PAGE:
The Common Law As An Iterative Process: A Preliminary Inquiry, Lawrence A. Cunningham Jun 2006

The Common Law As An Iterative Process: A Preliminary Inquiry, Lawrence A. Cunningham

Boston College Law School Faculty Papers

The common law often is casually referred to as an iterative process without much attention given to the detailed attributes such processes exhibit. This Article explores this characterization, uncovering how common law as an iterative process is one of endless repetition that is simultaneously stable and dynamic, self-similar but evolving, complex yet simple. These attributes constrain the systemic significance of judicial discretion and also confirm the wisdom of traditional approaches to studying and learning law. As an iterative system, common law exhibits what physicists call sensitive dependence on initial conditions. This generates a path dependency from which it may be ...


Christian Scripture And American Scripture: An Instructive Analogy?, Gregory A. Kalscheur S.J. May 2006

Christian Scripture And American Scripture: An Instructive Analogy?, Gregory A. Kalscheur S.J.

Boston College Law School Faculty Papers

This Review Essay examines the analogy between biblical interpretation and constitutional interpretation drawn by the eminent Yale church historian Jaroslav Pelikan in his provocative book, Interpreting the Bible and the Constitution. Part I of the Essay focuses on Pelikan’s discussion of the differences and analogies between the Bible and the Constitution that provide the foundation for methodological comparison. Part II of the Essay examines Pelikan’s effort to draw on the work of 19th-century theologian John Henry Newman in order to explore the fundamental problem of the relation between the authority of the original text and the authority of ...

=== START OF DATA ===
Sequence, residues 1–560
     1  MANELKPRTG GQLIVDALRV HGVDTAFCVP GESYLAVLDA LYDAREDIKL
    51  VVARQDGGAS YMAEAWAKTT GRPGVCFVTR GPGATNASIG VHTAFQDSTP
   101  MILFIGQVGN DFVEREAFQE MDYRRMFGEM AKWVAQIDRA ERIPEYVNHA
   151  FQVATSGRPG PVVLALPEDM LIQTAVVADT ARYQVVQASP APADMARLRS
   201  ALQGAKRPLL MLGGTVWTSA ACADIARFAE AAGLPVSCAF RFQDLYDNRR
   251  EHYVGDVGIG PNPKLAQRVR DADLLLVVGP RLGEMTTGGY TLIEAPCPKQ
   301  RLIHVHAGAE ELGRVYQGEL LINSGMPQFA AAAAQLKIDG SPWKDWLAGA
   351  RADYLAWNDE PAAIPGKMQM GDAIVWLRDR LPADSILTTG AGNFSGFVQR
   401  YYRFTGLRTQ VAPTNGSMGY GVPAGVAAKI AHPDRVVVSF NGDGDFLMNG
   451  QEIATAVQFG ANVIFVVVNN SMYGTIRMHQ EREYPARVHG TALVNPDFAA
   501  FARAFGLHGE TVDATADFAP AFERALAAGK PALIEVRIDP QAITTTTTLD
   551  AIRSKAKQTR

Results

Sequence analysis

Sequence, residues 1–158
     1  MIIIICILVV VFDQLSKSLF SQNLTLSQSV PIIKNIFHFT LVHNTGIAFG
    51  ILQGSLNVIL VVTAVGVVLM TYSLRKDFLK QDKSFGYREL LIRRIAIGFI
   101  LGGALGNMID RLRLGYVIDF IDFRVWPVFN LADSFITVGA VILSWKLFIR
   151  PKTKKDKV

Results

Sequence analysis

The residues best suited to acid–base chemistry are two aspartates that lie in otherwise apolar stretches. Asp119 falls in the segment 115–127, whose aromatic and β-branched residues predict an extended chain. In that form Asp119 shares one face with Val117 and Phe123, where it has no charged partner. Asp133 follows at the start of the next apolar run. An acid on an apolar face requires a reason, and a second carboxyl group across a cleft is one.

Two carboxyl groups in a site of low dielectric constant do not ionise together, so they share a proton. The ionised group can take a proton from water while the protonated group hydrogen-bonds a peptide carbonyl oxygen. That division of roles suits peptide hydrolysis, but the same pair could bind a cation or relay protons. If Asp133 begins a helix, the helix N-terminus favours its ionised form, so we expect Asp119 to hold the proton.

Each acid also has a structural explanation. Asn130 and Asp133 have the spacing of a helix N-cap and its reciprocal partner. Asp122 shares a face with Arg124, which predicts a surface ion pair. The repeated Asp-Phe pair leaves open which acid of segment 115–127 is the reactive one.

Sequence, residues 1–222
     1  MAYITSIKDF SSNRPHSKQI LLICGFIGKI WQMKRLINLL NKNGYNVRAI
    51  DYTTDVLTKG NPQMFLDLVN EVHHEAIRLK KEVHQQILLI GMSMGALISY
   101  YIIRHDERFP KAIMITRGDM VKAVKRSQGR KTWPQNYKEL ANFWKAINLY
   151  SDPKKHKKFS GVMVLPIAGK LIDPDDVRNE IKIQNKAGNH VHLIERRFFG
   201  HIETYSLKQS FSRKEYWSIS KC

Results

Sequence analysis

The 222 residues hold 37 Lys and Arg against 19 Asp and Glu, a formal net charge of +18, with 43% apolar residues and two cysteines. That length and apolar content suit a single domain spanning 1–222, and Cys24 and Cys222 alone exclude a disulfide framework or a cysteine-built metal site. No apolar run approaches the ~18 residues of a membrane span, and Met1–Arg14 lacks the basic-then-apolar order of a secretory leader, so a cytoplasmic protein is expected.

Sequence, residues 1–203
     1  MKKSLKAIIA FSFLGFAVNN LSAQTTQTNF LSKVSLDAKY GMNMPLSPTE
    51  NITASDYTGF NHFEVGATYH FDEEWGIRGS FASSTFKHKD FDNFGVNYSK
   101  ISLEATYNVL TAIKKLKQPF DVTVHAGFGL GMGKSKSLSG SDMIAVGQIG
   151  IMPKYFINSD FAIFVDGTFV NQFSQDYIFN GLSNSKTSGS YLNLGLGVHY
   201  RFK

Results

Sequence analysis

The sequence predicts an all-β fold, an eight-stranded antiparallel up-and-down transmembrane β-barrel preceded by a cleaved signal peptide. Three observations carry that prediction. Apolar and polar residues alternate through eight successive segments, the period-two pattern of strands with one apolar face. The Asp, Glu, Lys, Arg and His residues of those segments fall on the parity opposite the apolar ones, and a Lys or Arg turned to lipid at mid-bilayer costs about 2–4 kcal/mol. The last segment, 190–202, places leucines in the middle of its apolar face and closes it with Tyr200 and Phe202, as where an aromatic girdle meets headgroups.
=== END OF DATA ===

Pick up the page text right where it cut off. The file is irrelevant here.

We Are The World? Justifying The U.S Supreme Court’S Use Of Contemporary Foreign Legal Practice In Atkins, Lawrence, And Roper, Andrew R. Dennington May 2006

We Are The World? Justifying The U.S Supreme Court’S Use Of Contemporary Foreign Legal Practice In Atkins, Lawrence, And Roper, Andrew R. Dennington

Boston College International and Comparative Law Review

Since 2002, the U.S. Supreme Court has consulted contemporary foreign legal judgments to help interpret, and dramatically expand, the substantive scope of the Bill of Rights in three landmark cases. It has not, however, explained when and why contemporary foreign legal materials are relevant to a principled, objective mode of constitutional interpretation. This Note represents an attempt to do so. It postulates two rationales that could retrospectively justify the Court’s methodology in Atkins v. Virginia (2002), Lawrence v. Texas (2003), and Roper v. Simmons (2005). One is grounded in a theory of Anglo-American common law, the other rests ...


Governments And Unconstitutional Takings: When Do Right-To-Farm Laws Go Too Far?, Terence J. Centner Jan 2006

Governments And Unconstitutional Takings: When Do Right-To-Farm Laws Go Too Far?, Terence J. Centner

Boston College Environmental Affairs Law Review

State anti-nuisance laws, known as right-to-farm laws, burden neighboring property owners with nuisances. The purpose of the laws is to protect existing investments by offering an affirmative defense. Activities that are not a nuisance when commenced cannot become a nuisance due to changes in land uses by neighbors. While most state laws involve a lawful exercise of the state’s police powers, a right-to-farm law may set forth protection against nuisances that is so great that it operates to effect a regulatory taking. Judicial rulings that two Iowa right-to-farm laws went too far in reducing neighbors’ constitutionally protected rights augur ...